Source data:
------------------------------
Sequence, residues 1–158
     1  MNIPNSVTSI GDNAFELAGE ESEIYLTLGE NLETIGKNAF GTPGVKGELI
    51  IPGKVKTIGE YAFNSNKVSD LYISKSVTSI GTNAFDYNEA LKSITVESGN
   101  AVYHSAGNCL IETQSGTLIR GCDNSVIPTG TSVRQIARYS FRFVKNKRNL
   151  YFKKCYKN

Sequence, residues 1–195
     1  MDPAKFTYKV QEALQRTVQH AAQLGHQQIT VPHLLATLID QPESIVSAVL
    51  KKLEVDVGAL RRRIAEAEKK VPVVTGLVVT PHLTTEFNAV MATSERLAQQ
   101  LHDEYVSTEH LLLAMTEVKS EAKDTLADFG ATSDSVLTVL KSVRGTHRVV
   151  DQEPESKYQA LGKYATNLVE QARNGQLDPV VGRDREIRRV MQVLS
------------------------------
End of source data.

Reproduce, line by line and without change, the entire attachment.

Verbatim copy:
Sequence, residues 1–158
     1  MNIPNSVTSI GDNAFELAGE ESEIYLTLGE NLETIGKNAF GTPGVKGELI
    51  IPGKVKTIGE YAFNSNKVSD LYISKSVTSI GTNAFDYNEA LKSITVESGN
   101  AVYHSAGNCL IETQSGTLIR GCDNSVIPTG TSVRQIARYS FRFVKNKRNL
   151  YFKKCYKN

Sequence, residues 1–195
     1  MDPAKFTYKV QEALQRTVQH AAQLGHQQIT VPHLLATLID QPESIVSAVL
    51  KKLEVDVGAL RRRIAEAEKK VPVVTGLVVT PHLTTEFNAV MATSERLAQQ
   101  LHDEYVSTEH LLLAMTEVKS EAKDTLADFG ATSDSVLTVL KSVRGTHRVV
   151  DQEPESKYQA LGKYATNLVE QARNGQLDPV VGRDREIRRV MQVLS